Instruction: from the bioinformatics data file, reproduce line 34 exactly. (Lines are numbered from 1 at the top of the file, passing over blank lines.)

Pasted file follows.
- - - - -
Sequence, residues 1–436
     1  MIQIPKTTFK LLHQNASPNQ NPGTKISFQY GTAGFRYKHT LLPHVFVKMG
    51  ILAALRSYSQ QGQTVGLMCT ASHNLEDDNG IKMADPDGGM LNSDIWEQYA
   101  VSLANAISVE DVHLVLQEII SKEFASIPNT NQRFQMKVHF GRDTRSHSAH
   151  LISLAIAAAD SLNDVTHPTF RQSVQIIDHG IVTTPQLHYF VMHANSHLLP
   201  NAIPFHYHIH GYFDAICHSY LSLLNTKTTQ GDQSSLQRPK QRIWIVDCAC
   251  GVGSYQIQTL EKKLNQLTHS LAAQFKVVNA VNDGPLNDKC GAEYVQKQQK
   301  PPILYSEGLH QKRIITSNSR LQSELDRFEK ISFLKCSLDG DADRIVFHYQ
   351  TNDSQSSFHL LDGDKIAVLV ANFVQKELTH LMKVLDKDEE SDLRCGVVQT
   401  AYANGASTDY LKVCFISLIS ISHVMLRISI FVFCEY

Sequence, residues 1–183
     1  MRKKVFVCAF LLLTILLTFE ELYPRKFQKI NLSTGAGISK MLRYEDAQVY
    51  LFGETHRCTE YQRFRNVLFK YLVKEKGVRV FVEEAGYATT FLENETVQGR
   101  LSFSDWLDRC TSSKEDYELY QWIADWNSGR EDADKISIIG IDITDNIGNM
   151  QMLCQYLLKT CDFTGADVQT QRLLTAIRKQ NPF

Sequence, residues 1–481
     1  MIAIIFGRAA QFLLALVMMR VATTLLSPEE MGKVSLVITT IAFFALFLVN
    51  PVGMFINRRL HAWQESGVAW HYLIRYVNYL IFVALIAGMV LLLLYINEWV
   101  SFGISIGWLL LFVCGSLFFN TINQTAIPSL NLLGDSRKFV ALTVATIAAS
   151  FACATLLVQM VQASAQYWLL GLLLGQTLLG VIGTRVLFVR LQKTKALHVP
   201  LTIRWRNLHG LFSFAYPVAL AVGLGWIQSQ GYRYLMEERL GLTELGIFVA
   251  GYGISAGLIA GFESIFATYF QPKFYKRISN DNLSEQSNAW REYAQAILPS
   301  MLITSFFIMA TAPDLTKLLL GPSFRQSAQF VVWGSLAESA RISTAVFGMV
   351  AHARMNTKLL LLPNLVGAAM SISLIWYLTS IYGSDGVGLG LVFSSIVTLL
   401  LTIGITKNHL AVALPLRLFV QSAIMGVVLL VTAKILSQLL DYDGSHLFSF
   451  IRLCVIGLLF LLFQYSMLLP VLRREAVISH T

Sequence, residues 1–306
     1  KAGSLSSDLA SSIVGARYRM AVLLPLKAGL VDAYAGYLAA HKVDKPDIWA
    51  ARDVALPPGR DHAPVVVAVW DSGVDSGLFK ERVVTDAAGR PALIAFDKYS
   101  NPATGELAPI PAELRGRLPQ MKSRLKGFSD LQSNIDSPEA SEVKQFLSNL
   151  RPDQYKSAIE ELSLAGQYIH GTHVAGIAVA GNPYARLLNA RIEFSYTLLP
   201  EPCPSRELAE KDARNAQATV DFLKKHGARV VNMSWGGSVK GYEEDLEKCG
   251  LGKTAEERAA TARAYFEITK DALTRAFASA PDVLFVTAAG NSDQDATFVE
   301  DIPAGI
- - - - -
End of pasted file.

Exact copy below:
   301  DIPAGI